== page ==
I’ve said it before and I’ll say it again, I’m not anti-vegetarian! I know many healthy vegetarians. But I know many more unhealthy vegetarians. And I speak from personal experience.
My own seven year experience with vegetarianism was a disaster. I never felt well. Fatigue and sugar cravings were my everyday companions. Digestive problems developed through the years as well.
Looking back, I thought I knew what I was doing. I was not a junk food vegetarian. I shopped organic and ate a lot of fruits, veggies and whole grains.
Breakfast was often granola with soymilk or low fat milk. For lunch I ate more veggie sandwiches with cheese and Vegenaise than I care to remember. Dinner consisted of stir fries, pasta dishes and lots of tofu meat substitutes a la the picture above. My favorite was a seasoned ground “beef” product. Man oh man did I make A LOT of tacos out of that.
But I really had no clue. So when I learned about real food I was shocked at how much I was doing wrong.
Because I see so many people, in particular women, making the same mistakes with so many associated health problems, I don’t recommend going vegetarian to anyone.
So in no particular order, here are five reasons I don’t recommend going vegetarian.
Note: if you are a vegetarian, do not be offended! This is not a vegetarian-bashing blog post. You CAN be a healthy vegetarian. But there are some important things you need to know. For that reason I’ve included some tips and links at the end of each of the five reasons to help you make better choices as a vegetarian.
Due to the widespread myth of low-fat diets, most vegetarians in America are not getting enough fat.
Trust me, I know what you’re thinking:
Saturated fat and cholesterol cause heart disease. Those are in animal products. Going vegetarian will will decrease my chances of getting heart disease.
That was my thinking when I went vegetarian. But nothing could be further from the truth. Contrary to popular belief, saturated fat and cholesterol are actually vital to the health of our heart.
Please understand that there is no culture on this planet that ever ate a low fat diet. For example, the traditional vegetarian diet of India is not low fat. It contains ample fats from healthy dairy. Those cultures that tend towards plant based diets in warm weather climates regularly consume healthy fats in the form of dairy, eggs, seafood, coconuts and palm oils.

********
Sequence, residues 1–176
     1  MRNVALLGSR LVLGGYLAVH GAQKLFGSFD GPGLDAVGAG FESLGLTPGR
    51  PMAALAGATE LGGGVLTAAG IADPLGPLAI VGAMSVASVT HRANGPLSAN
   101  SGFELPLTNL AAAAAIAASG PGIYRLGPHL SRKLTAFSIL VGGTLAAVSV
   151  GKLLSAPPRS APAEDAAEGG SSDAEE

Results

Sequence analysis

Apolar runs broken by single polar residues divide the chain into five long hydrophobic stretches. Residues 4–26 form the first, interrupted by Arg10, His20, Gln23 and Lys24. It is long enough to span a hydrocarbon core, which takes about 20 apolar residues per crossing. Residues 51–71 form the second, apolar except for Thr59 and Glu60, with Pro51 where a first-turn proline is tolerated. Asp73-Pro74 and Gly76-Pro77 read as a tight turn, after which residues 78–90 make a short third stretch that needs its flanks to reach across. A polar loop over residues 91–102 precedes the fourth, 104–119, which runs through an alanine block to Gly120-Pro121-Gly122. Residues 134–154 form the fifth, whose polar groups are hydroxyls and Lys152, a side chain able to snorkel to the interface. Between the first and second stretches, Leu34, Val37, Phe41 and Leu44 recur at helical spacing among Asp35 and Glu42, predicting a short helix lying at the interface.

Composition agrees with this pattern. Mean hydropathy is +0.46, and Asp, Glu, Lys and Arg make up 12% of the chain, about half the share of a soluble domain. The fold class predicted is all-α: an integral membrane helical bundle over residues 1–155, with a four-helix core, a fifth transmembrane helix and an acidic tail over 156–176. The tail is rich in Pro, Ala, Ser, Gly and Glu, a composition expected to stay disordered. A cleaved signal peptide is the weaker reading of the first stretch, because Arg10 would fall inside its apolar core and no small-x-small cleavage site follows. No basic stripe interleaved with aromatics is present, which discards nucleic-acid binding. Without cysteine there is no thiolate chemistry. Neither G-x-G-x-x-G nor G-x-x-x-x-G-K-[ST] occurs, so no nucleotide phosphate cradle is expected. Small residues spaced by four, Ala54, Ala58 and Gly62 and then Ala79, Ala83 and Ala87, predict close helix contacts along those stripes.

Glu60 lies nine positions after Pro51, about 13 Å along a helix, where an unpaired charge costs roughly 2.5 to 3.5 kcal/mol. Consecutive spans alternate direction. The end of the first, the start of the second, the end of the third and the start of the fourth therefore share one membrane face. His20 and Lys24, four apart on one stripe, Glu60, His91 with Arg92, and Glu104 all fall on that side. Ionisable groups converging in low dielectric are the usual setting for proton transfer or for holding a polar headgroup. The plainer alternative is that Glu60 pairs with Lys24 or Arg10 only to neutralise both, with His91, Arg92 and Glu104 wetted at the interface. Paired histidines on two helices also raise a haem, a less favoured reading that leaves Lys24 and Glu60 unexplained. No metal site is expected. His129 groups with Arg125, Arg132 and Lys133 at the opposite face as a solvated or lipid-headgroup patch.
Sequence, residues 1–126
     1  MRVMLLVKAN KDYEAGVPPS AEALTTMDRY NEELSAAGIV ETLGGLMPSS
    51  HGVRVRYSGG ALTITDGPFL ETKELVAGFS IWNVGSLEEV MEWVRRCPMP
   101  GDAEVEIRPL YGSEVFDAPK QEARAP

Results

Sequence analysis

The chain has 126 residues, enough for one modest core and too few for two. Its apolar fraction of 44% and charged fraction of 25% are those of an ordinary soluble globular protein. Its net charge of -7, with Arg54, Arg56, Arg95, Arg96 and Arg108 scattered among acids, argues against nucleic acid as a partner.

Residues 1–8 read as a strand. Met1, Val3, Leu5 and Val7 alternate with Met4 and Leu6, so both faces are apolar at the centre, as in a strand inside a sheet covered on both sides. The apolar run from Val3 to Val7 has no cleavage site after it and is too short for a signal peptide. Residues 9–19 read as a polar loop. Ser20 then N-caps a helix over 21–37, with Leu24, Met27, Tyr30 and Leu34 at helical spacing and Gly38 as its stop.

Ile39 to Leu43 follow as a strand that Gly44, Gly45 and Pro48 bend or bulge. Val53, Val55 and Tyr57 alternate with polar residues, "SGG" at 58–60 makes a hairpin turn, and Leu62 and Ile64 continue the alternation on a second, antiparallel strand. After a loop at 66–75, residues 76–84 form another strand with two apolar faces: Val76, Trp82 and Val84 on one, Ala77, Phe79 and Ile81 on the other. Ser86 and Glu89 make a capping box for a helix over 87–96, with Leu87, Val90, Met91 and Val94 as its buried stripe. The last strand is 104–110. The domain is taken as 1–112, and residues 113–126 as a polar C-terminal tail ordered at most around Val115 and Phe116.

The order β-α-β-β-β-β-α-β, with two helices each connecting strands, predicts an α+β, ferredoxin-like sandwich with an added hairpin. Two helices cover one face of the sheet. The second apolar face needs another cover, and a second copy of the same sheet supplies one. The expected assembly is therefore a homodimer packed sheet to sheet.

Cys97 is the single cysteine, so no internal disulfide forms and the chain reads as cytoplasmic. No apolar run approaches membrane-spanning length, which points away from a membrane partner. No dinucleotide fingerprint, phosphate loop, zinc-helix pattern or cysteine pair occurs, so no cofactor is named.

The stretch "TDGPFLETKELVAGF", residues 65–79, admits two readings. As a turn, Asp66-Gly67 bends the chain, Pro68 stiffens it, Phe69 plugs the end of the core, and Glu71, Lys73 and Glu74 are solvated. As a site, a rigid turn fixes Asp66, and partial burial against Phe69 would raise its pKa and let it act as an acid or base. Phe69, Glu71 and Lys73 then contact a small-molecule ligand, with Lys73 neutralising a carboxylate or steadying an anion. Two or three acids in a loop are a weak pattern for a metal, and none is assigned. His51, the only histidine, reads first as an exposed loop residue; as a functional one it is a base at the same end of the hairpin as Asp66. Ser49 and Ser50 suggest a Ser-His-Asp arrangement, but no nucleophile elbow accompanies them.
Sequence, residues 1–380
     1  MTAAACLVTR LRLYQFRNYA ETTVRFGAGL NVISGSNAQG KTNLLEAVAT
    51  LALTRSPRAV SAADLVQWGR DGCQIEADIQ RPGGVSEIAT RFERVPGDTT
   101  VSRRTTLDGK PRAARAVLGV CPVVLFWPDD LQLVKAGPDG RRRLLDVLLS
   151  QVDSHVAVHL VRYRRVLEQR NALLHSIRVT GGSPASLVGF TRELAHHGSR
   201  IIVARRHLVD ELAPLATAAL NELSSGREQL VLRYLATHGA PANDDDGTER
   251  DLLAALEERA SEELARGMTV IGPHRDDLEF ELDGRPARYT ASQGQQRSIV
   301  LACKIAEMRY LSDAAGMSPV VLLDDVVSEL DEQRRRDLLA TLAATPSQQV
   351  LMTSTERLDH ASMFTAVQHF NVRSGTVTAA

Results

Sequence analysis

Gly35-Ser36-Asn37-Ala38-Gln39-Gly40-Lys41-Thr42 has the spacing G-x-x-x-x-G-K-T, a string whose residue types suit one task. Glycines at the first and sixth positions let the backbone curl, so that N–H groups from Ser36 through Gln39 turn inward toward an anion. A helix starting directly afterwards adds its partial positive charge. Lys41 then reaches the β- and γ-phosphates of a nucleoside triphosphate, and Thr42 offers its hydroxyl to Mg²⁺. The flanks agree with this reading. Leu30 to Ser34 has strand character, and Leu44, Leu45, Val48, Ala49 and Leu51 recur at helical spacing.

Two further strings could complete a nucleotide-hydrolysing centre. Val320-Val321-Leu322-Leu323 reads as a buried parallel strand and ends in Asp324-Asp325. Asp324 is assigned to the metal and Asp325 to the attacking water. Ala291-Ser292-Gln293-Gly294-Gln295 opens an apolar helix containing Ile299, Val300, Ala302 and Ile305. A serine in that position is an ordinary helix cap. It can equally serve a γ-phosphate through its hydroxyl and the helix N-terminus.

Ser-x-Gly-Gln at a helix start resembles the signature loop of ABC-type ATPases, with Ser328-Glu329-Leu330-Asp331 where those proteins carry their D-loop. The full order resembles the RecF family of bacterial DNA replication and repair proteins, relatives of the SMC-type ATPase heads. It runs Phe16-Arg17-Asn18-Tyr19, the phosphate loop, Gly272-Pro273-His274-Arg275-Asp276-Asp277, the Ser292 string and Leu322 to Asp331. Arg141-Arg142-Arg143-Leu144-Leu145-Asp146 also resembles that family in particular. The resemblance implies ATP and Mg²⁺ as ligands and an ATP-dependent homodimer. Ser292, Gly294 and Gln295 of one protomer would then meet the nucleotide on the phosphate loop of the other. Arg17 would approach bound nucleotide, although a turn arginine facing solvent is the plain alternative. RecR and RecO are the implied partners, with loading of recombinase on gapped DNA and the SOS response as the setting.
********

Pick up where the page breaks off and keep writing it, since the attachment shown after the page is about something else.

And when you don’t get enough fat in your diet, you get fatigued. When you get fatigued, you look for energy!
Rarely is it beyond arm’s reach in modern day America. If so, it’s certainly not more than a quick trip to the kitchen away. Or the break room, vending machine, gas station, Dunkin’ Donuts or just about anywhere else.
It gives us a quick energy burst. It makes us feel good…temporarily. But sugar is a drug. And it’s addicting.
Over the long term sugar consumption degrades every system in our body and is a major factor in all of our modern health epidemics - chronic digestive problems, obesity, type II diabetes, heart disease, cancer and osteoporosis.
Most vegetarians eat way too much sugar, especially teenagers. And many become sugar addicts.
So what to do if you’re a vegetarian?
Finally, for those vegetarians that are not sugar addicts, many of them are using dairy for good sources of fat and protein. And that’ s good. But that brings up another problem.
Note I said “modern” dairy. Not “all” dairy.
A good example of a traditional healthy vegetarian diet is India. Indians consume a lot of dairy in the form of milk, ghee (clarified butter), yogurt and cheese.
But traditionally, as with any dairy-based culture, their milk was raw.
Raw milk is Nature’s milk, full of beneficial enzymes, probiotics, healthy fats and proteins.
Most milk in America is pasteurized and homogenized which damages milk’s nutritional profile and makes it highly indigestible.
Furthermore, conventional milk production in America is a disgrace. Cows are jammed into factory farms, fed soybeans, grains and industrial waste and shot up with chemicals and growth hormones.
Is it any wonder dairy sensitivities are on the rise is America?
This leads many vegetarians to forego dairy as well and for good reason. It leads many others to declare all milk unfit for human consumption without understanding the health benefits of raw milk.
So if you’re a vegetarian, just switch to raw milk, right?
Unfortunately, raw milk is hard to access in the majority of America. Some states ban it completely while most ban it from being sold in stores. This has nothing to do with safety and everything to do with corporate power and political influence by the conventional dairy industry.
So what to do if you’re a vegetarian?
OK, I’ll leave it at that for this blog post. To read part II with reasons three, four and five, click here.
In the meantime, I’d love to hear your thoughts on this subject. Please share in the comments below. If you consider yourself a healthy vegetarian, tell me why. If you gave up being a vegetarian like myself, tell me why.
I know this is a hot-button issue for many so please be respectful. Inappropriate, vulgar or abusive comments will be deleted.